The CFPB, together with the DOJ, has filed a second amicus brief in Spokeo, Inc. v. Robins, the case pending before the U.S. Supreme Court in which the issue is whether a plaintiff who cannot show any actual harm from a violation of the Fair Credit Reporting Act (FCRA) nevertheless has standing under Article III of the U.S. Constitution to sue for statutory damages in federal court.
When examining banks and companies subject to CFPB supervisory authority for FCRA compliance, CFPB examiners will look at whether the bank or company has followed FCRA requirements for use of background checks on employees and job applicants.
This week, the respondent in Spokeo v. Robins filed his merits brief.
For more the four decades, the federal Fair Credit Reporting Act (“FCRA”) has regulated consumer reporting agencies (“CRAs”) that furnish consumer reports (i.e., background checks) to third parties such as employers.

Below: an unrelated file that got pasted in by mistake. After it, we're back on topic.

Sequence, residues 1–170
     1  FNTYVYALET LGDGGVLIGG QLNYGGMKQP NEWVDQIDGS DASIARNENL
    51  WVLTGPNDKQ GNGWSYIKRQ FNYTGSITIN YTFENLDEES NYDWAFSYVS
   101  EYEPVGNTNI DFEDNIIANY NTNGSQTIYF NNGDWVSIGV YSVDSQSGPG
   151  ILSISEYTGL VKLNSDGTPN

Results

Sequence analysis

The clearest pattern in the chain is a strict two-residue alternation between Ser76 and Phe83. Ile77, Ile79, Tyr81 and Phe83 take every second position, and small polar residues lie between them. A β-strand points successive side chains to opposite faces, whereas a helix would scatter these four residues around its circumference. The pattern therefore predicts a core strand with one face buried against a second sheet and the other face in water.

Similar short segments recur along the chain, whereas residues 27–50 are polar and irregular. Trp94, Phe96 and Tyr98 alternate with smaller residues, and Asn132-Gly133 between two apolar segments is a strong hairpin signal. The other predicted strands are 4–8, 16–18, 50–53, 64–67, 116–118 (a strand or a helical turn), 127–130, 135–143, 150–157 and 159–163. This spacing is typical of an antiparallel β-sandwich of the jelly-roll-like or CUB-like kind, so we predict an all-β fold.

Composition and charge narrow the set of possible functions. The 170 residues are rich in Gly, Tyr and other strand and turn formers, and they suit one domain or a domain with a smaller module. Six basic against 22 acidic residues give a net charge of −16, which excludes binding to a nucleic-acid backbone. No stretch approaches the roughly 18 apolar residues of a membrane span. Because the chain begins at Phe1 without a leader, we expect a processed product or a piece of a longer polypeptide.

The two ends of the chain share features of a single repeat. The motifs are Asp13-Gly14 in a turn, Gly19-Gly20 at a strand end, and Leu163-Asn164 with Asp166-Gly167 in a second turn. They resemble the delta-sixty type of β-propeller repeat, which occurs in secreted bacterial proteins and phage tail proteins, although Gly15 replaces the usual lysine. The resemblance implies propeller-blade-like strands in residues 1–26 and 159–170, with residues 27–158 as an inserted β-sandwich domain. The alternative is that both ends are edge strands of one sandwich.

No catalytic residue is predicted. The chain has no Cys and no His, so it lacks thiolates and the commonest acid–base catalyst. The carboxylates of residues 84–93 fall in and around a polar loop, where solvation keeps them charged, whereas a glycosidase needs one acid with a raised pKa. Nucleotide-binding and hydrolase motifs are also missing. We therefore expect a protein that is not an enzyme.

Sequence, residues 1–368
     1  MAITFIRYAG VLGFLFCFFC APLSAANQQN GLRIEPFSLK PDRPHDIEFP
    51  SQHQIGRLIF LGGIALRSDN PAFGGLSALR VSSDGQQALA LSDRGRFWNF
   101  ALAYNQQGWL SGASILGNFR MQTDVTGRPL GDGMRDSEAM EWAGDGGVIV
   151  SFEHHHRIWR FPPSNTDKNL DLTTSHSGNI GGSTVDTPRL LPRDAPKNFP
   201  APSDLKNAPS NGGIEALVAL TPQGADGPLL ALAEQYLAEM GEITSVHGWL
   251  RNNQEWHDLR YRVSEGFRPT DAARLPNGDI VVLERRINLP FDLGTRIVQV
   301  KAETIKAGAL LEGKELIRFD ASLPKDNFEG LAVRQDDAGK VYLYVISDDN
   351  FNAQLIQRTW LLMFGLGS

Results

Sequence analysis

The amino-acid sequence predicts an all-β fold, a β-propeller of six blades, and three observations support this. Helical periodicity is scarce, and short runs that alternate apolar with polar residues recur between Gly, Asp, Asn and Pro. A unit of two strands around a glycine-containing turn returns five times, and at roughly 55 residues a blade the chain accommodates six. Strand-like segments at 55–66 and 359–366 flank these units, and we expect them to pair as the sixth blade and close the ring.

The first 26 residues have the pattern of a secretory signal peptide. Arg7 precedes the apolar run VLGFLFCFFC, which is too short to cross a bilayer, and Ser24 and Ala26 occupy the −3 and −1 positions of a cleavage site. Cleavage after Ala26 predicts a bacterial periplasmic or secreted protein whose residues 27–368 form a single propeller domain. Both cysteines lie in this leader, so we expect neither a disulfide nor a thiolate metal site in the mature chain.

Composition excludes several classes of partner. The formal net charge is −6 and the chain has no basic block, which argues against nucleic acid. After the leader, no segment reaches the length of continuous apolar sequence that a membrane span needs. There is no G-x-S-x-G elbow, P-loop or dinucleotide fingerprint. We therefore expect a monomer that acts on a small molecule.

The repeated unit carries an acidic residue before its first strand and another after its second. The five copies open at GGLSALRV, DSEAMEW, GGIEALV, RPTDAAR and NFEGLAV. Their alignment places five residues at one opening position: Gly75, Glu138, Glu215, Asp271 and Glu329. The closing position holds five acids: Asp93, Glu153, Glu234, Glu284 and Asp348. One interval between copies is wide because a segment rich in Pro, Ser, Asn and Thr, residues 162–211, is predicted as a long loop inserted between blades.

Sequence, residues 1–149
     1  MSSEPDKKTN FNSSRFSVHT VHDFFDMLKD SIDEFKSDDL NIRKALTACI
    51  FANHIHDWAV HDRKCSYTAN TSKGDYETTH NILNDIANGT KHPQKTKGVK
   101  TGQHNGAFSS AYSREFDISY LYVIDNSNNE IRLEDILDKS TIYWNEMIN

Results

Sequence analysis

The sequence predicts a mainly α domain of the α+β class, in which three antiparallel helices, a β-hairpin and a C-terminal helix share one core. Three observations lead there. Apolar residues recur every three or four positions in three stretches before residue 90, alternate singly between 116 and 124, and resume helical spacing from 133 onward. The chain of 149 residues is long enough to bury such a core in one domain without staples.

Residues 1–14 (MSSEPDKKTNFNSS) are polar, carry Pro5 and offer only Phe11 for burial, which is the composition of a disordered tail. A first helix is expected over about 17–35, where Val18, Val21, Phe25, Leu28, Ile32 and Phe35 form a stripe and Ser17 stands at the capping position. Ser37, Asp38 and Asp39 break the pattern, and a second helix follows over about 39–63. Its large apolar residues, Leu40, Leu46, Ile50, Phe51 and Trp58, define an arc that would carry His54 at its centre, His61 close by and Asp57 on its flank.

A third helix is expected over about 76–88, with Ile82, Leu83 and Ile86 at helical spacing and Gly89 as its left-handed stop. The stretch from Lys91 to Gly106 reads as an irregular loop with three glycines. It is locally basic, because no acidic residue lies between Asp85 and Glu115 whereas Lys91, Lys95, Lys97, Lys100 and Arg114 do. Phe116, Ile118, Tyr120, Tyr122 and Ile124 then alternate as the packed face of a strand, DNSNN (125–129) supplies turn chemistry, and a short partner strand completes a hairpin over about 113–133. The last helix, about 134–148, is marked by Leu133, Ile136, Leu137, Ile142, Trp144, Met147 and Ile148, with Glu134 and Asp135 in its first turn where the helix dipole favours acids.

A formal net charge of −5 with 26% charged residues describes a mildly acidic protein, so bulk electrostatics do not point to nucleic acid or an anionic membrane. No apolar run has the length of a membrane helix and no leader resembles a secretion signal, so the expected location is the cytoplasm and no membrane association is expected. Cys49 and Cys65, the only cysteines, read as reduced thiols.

Has your company decided yet whether it will conduct criminal background or credit checks?
Recent FCRA Lawsuit Demonstrates Growing Trend of Class Actions Challenging Employment Background Screening Disclosure Forms
A putative nationwide class action was recently filed under the Fair Credit Reporting Act against Dollar Tree Stores Inc. The lawsuit was filed in federal district court in Florida.
On May 1, the District Court for the Middle District of Alabama issued an order requesting that the parties provide supplemental briefing on the issue of standing in a lawsuit alleging Fair Credit Reporting Act violations.
Recent multi-million dollar settlements highlight the importance for employers of complying with the Fair Credit Reporting Act (FCRA).
With increasing regularity, states and localities have passed laws that limit the ability of private employers to inquire into or otherwise consider the criminal or credit histories of their prospective and current employees.